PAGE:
Friday, January 30, 2009

Same Kind of Different as Me

Same Kind of Different as Me
Authors: Ron Hall & Denver Moore (with Lynn Vincent)
Thomas Nelson, 2006
235 pages

My friend SLY recommended this book when I saw her a few weekends ago, and I put it on my very long list of books to read someday. Little did I know I would end up purchasing the book just a week later, and getting so deeply involved in it that I could not put it down. 

It's the story . . . of two men who seem to have nothing in common. Denver is a 60-something former sharecropper from Louisiana who has been a "drifter" most of his life. Ron is a 50-something "good old boy" from east Texas who through a combination of wit and luck is Fort Worth's most successful art dealer and gallery owner. Ron is at the top of his game; Denver lives in a homeless shelter, where he has taken on the persona of a scary badass. 

Then there's Ron's wife, Deborah, whose desire to serve leads the couple to the homeless shelter - despite Ron's reluctance. Through her, their lives merge, and they all find out that they are more alike than they ever thought possible. 

What we have is a story of love and loss, redemption and forgiveness, and of good and evil. But mostly, this is the story of an unlikely friendship. Yes, it has a Christian/spirituality theme, but it's not preachy. A sub-theme is the concept of modern-day slavery and you will learn a lot about the economics and realities of sharecropping as practiced all the way up to the 1960s (or later) in some parts of this country. You'll get to know some of the people at the homeless shelter, and if you're lucky, you'll come to the same realization as Denver and Ron . . . that we all have more in common than we have differences. 

This is the kind of book my Mom loves, so I'll be sending it on to her now that I'm finished. (That means the ladies in her UMW group will probably all be reading it soon!)

Rating: 4 stars

Tuesday, January 20, 2009

Food Matters

Food Matters
Author: Mark Bittman
Simon & Schuster, 2009
311 pages

As I've mentioned in my Food for Thought blog, S and I have been on a mostly vegan diet since the first of the year. Our intentions aren't to be vegans (neither of us has the discipline for that) but to eat more fruits, vegetables, and whole grains and to eat less dairy and meat - for reasons of health and longevity. In Food Matters (subtitled A Guide to Conscious Eating), Mark Bittman encourages the same thing. But in addition to the health benefits of such a diet, Bittman (an omnivore) promotes the environmental benefits of eating less meat and dairy: if people would reduce their consumption of meat and dairy, agribusiness would be forced to shift toward more environmentally friendly and humane policies, while also allowing for more people in the world to be fed.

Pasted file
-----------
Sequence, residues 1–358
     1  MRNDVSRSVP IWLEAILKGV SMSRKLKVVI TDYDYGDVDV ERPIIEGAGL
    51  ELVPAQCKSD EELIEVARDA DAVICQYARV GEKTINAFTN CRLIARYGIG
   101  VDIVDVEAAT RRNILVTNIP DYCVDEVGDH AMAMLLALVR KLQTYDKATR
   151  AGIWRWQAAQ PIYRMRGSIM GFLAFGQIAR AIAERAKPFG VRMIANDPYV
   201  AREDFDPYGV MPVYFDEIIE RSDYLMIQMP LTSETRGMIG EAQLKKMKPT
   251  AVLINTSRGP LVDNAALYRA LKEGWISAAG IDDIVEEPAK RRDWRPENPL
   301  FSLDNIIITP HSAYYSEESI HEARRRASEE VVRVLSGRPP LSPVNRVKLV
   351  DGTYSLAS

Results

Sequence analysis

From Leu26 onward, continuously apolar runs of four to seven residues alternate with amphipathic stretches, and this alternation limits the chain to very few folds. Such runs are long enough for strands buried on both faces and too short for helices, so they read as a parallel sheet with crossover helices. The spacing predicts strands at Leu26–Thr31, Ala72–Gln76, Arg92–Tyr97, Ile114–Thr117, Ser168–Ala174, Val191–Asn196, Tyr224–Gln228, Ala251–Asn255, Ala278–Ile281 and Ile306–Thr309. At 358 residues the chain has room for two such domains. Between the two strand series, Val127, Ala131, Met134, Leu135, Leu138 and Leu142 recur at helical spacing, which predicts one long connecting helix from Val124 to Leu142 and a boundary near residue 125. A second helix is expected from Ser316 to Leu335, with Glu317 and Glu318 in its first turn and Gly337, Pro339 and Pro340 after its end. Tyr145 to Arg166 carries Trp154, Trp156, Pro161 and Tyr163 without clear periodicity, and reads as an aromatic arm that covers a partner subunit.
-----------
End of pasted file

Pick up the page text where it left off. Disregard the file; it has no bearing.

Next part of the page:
Bittman's arguments are nothing new for me. I've been reading books like Diet for a Small Planet and The Food Revolution for fifteen years. Food is a topic that interests me, and so does saving the planet, feeding the hungry, and treating people and animals well. But Bittman sort of puts a new spin on things: instead of saying that everyone should become vegan, he just recommends that we reduce our consumption of meat and dairy. Any reduction (the more the better) is good, he says. 

I like this book because it makes several points without being overly preachy. AND it contains some recipes that I'm looking forward to trying. 

OK, really nothing new for me here, but it was presented a different way, and I'm glad I took the time to read it now. I found it to be . . . motivational!

Rating: 4.25 stars

Saturday, January 10, 2009

Breaking Dawn

Breaking Dawn
Author: Stephenie Meyer
Little, Brown and Company, 2008
754 pages

Have you ever postponed reading a book simply because you didn't want the story to end? As the fourth (final?) book in the Twilight series, Breaking Dawn takes the story and characters to a whole new level. One difference between these and the previous books is that the middle section of the book is told from the perspective of another character (not the main character, Bella). Many new characters appear - some we've heard of before in the other books, but others are totally new. It gives the book a fresh twist but also opens up possibilities for additional material.

Breaking Dawn answers a lot of questions I've had since the first book in the series, for example: Will Bella end up with Edward or Jacob? Will she stay human or become a vampire? Will her parents learn what's going on? Will the Volturi cause trouble? How will this all play out? All is revealed in Breaking Dawn.

But is the saga really over? Is Breaking Dawn really the last book? Sometime last year, a friend told me that Meyer wrote some sample chapters for a fifth book, which was to be called Midnight Sun. According to internet rumors, someone leaked the book online. Sometime last year, Meyer made the contents available on her web site

So maybe it's not really over after all?

Rating: 4 stars - OK, it was my least favorite of the books. A lot of material is covered and some seemed rushed. But I enjoyed it.